my friend at work rides ... she does eventing and such ... and fell off a few days ago and ended up with a fractured forearm ... "damned dangerous critters" I told her ..."you should get something safe like a motorcycle"

I live near a pony club arena ... if I see kids around on their geegees I just go real slow and quiet past them ... or stop if the steed looks fidgety.
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Old 10-23-2012, 04:40 AM   #27
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some times the horses are not sure what that thing is all they see is a horse monster {when in atgatt helmet and such the horse do'nt see a human], if they git spooked remove helmet some times so horse can see what you are.
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Old 10-23-2012, 05:04 AM   #28
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The question has been answered, so i'll go off topic.

Horse riders are generally treated a a privileged class.
A good friend road raced a TZ250 in the '80s. He said if he had to do it all over again.
he would have used an enclosed two horse trailer as he never saw one cited for speeding in his 6 years of towing his trailer in the Western States.
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Old 10-23-2012, 05:18 AM   #29
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On a trail, meeting them head on I kill my engine and get out of their way. Passing them I will stop and wait till they are out of my way, (or till I get tired of waiting for them to do so). On a road, meeting them I will slow and stay as far to the other side as I can, stopping if needed for them to get over. Passing them I will stop back a ways and let them get over if they are going to, then pass. I’ll be very polite, but if they take a horse out in public places, especially a road, they should have a horse that can be controlled. My bikes are quiet and I’ll give them room, but if they have a skittish or high strung horse that’s their problem not mine.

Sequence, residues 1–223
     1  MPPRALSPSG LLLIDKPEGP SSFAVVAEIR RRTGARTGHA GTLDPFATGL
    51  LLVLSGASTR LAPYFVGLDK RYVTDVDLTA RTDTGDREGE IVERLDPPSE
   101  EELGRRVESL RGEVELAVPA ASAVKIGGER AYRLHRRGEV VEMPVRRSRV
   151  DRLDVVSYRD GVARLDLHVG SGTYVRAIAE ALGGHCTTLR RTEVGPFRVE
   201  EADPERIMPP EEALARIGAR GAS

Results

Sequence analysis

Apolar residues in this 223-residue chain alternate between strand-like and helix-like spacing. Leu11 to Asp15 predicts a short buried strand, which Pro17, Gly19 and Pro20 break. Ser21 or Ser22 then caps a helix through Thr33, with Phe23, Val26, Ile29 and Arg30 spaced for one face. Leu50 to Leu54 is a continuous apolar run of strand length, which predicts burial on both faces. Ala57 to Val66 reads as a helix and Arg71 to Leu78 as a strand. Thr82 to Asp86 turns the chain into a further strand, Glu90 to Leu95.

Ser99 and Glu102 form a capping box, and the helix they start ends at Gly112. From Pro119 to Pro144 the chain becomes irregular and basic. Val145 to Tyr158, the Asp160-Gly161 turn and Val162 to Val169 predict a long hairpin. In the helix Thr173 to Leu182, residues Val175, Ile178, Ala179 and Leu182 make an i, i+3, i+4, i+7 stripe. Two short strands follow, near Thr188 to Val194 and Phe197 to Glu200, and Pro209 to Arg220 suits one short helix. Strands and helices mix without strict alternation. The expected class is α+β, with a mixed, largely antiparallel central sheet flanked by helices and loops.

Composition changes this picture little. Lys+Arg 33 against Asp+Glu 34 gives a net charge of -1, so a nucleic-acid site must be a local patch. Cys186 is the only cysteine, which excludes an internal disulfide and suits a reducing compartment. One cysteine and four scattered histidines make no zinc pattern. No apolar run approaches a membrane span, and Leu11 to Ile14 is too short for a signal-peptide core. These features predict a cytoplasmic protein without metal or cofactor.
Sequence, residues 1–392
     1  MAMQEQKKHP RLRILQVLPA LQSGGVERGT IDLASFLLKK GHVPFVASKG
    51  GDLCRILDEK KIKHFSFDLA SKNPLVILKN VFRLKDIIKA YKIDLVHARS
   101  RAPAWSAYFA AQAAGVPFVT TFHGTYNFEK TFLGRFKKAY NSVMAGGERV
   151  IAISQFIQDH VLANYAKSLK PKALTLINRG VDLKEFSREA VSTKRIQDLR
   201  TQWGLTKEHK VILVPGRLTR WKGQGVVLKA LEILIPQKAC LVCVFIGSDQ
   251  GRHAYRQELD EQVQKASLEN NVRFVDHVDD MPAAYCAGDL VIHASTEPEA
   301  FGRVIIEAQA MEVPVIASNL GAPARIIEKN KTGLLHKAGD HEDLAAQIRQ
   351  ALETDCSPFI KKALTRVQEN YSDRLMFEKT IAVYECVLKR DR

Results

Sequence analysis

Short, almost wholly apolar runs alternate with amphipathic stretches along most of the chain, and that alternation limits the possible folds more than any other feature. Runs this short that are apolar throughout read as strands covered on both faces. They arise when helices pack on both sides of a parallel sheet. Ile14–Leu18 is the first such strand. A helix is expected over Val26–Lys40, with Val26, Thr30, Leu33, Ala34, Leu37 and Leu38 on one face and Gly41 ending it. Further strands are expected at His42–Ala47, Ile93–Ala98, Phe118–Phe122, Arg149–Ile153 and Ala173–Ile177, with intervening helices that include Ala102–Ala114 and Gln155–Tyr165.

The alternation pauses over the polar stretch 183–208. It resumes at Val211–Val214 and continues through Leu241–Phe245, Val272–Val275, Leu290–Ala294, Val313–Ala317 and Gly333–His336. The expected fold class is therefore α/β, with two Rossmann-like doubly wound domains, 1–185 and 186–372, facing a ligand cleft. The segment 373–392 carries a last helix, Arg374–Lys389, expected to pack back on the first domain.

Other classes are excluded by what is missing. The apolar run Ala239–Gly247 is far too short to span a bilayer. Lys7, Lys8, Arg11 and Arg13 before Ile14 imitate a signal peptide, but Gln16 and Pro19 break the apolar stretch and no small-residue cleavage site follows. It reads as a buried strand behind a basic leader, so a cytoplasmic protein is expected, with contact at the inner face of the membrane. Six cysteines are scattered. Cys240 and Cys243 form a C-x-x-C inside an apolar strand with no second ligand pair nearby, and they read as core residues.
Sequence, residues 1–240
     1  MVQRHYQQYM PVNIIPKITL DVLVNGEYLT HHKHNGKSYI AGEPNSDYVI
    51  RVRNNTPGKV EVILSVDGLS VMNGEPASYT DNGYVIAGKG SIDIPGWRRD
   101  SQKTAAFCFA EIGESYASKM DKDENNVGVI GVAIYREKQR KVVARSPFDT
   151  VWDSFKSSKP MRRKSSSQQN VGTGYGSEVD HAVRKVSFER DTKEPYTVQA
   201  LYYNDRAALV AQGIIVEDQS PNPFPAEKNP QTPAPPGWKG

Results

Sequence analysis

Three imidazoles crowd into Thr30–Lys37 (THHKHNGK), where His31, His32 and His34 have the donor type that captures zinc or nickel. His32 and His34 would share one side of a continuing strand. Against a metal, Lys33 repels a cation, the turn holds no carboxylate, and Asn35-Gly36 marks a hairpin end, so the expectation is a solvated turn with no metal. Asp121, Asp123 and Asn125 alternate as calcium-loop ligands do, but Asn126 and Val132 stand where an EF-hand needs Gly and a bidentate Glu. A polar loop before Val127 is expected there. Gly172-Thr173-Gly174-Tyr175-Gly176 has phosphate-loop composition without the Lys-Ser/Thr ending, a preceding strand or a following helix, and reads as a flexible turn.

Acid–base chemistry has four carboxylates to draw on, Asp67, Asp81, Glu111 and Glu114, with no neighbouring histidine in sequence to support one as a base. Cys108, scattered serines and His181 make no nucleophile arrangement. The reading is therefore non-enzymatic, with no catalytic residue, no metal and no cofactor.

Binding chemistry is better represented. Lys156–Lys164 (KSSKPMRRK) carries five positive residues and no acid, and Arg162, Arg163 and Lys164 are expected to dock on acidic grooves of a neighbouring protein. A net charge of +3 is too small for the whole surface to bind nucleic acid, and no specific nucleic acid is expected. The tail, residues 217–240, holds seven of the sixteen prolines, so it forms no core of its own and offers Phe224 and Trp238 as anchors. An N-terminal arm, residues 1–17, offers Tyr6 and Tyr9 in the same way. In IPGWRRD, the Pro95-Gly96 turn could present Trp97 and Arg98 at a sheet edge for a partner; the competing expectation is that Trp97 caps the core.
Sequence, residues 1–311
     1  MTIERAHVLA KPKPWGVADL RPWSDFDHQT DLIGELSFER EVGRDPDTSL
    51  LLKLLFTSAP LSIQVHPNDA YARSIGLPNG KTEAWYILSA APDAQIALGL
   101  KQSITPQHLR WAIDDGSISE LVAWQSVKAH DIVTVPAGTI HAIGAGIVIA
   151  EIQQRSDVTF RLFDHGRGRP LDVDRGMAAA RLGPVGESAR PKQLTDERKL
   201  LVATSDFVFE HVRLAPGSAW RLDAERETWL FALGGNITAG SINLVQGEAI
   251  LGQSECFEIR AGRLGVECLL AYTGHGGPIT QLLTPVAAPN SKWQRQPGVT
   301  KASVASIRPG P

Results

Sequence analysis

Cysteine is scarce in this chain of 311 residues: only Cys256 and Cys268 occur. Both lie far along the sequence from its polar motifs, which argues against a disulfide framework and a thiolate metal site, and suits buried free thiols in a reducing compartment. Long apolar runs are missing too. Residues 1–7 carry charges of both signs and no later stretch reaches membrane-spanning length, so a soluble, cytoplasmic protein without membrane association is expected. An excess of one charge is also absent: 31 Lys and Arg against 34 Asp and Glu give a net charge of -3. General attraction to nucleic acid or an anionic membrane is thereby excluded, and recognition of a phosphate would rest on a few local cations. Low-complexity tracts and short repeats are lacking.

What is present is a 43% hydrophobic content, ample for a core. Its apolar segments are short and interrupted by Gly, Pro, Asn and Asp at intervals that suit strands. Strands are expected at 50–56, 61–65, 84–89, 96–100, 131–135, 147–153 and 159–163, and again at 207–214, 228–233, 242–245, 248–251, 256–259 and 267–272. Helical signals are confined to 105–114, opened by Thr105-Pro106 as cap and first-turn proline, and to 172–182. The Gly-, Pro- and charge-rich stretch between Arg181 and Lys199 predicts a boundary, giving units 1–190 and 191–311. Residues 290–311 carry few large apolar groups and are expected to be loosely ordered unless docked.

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Old 10-23-2012, 05:52 AM   #30
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I got the "remove helmet" thing from a lady on the trail who told me that we look like "Predator" to the horses with them on. Ran into the same lady a couple of years later and she told me the exact same thing... guess she had a fascination with that.

I don't have any problem going out of my way to accomodate the horse riders, but I think it's a mutual deal. My encounter this past weekend was peculiar in the fact that the riders didn't do anything at all for a few moments, other than stare at me. I don't know if they didn't know what to do or what. I've run into several organized trail rides and there is always one or two horses that react to the bike or myself. Last year my wife and I were on the side of a "designated" forest road, off of the bikes and helmets off taking a break when a group of riders came by. I thought one horse was going to pitch it's rider. Found out later that there were stables on down the road and this was just one of their rides with what appeared to be inexperienced riders. That scares me as I don't want to see someone get hurt.